"And because this leads to a downward spiral and erodes meaningful obligations under international trade rules, justifying import restrictions based on national security, is really the nuclear option.

"In the 23 years of the World Trade Organization, no country has used this as an excuse for tariffs. Donald Trump, it seems, if he goes ahead, is tearing apart the international order."


VAUSE: And the consequences?

PATEL: -- the consequences is, everybody else will do it as well.

You look at China about the consumer, the companies that are going in there now, about -- they pulled the consumer data in China now. They used that rhetoric a little bit about protectivism and how to really keep security and I.P rights. So they're just going to go further out. The U.S. will go, well, what was this trade between us and --


-- China?

PATEL: Now I.P. rights and protection of trademarks, that will go out the window now. There's no point. Everybody will say it is for security reasons.

VAUSE: John and Robin, stay with us.

Just quickly back to Andrew, this announcement from the U.S. president came as a senior Chinese official was in Washington for talks on trying to avoid a trade war.

So how is this all going to go down in Beijing?

STEVENS: We can only read it as a slap in the face for the Chinese. Liu Hu (ph) is a very, very close confidant and ally of Xi Jinping, who as we know, is basically just a name himself or is going to become pretty much president for life at this stage.

So for Xi to send someone of Hu's (ph) stature over there to try and head off this sort of confrontation and so abjectly fail in that; in fact, the announcement was made when Hu (ph) was supposed to meet some key trade officials in the U.S., it really does send a very, very blunt message to China.

So the question becomes what does China do?

And a lot of analysts, a lot of commentary is that China can very easily target soybean producers in the United States. It would be clever because a lot of these farmers who have voted for Donald Trump, they are red state people.

And the Chinese are excellent at applying political pressure, looking for pressure points on the U.S. administration in trade if they need to. So that is certainly an option that the Chinese could take.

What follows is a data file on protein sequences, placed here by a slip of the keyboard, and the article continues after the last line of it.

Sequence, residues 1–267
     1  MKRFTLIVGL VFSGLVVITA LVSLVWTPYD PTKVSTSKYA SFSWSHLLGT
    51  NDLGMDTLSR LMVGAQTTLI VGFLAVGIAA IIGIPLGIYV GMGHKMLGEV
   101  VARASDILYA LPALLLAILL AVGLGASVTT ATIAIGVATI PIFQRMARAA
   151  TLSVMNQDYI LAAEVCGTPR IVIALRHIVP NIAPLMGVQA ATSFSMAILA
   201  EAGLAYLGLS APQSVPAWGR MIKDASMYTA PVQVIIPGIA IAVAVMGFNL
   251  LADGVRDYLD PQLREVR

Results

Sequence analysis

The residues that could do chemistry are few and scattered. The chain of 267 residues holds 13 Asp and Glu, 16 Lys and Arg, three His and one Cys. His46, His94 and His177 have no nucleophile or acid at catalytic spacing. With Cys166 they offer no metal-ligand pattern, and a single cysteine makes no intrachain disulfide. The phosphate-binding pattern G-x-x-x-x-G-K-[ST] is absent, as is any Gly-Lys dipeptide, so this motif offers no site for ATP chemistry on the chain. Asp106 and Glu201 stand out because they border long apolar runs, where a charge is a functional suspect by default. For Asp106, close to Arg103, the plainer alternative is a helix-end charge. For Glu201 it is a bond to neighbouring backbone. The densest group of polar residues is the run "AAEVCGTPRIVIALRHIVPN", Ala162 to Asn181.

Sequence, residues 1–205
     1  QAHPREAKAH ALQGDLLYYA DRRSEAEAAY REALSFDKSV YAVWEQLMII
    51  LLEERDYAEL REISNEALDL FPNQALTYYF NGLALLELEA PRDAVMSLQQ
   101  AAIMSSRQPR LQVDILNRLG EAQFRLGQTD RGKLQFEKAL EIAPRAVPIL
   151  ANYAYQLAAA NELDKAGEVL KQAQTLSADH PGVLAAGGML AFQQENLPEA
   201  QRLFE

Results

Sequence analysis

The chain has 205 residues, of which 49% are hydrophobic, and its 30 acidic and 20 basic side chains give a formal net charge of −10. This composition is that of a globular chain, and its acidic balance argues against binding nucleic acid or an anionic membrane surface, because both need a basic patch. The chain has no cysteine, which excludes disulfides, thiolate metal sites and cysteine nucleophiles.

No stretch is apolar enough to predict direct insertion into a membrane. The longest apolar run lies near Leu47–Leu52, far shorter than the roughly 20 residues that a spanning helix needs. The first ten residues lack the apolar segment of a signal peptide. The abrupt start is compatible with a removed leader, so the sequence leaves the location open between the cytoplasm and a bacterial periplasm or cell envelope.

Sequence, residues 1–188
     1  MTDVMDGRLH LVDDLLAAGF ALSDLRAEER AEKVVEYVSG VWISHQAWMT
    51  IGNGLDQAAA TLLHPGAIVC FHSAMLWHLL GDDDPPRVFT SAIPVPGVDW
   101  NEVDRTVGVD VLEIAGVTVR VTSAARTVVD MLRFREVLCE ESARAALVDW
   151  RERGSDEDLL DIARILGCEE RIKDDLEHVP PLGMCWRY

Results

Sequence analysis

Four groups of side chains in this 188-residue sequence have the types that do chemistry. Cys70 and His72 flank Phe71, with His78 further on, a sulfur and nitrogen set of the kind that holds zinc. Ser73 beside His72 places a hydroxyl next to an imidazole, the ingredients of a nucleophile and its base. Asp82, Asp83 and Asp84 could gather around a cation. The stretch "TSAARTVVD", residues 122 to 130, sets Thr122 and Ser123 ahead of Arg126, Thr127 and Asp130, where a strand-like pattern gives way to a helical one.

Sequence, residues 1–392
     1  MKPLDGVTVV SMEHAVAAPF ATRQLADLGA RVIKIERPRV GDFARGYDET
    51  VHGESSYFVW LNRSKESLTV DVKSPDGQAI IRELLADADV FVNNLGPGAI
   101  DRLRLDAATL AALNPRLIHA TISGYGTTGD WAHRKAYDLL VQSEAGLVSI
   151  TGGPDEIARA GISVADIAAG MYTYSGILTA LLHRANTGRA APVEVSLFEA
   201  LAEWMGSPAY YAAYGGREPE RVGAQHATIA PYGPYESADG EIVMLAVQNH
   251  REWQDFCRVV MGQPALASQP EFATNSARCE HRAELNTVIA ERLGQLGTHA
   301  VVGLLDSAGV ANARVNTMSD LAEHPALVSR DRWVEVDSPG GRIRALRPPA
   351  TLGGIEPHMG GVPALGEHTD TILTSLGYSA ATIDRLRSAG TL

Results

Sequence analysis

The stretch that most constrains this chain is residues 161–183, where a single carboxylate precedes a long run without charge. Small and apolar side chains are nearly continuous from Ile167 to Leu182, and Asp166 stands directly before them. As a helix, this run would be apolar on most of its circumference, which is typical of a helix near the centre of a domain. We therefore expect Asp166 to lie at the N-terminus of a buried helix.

VAUSE: OK. Andrew, we appreciate you being with us. Thank you.

Many Republican lawmakers have slammed this decision. This is a statement released by Senator Ben Sasse. "Let's be clear: the president is proposing a massive tax increase on

American families. Protectionism is weak, not strong. You would expect a policy this bad from a leftist administration, not a supposedly Republican one."

Also this from Mike Lee, another Republican senator, he calls it "a huge job-killing tax hike on American consumers."

John, this may save a few jobs in the steel industry and the aluminum industry. But the price for that could be hundreds of thousands of jobs elsewhere in the economy.

JOHN THOMAS, CNN POLITICAL COMMENTATOR: It's possible. The free trader --


VAUSE: Likely, not possible.

THOMAS: -- yes, the free trader in me is sad to see this policy. But it's not unusual coming out of where Trump has been. He ran on a populist, protectionist agenda and America first agenda. He looks at steel and aluminum as fungible commodities that why not be produced in America?

This will drive, as we go into the midterm elections, his America first message, even if it doesn't actually result in that. At least he can claim on TV that he's trying to keep things here.

VAUSE: Robin, some Democrats are not happy but some are pretty pleased with this.

ROBIN SWANSON, DEMOCRATIC STRATEGIST: But I think the most troubling part of all of this is how ill thought-out it was and how little he prepared not only his staff but the rest of the country and also that he didn't take into account our allies.

So this doesn't just impact China. This impacts trading partners all over the world. And I think not knowing the consequences of that and for a man who prides himself on what the Dow Jones does every day to not see that coming is a problem. It's very short-sighted.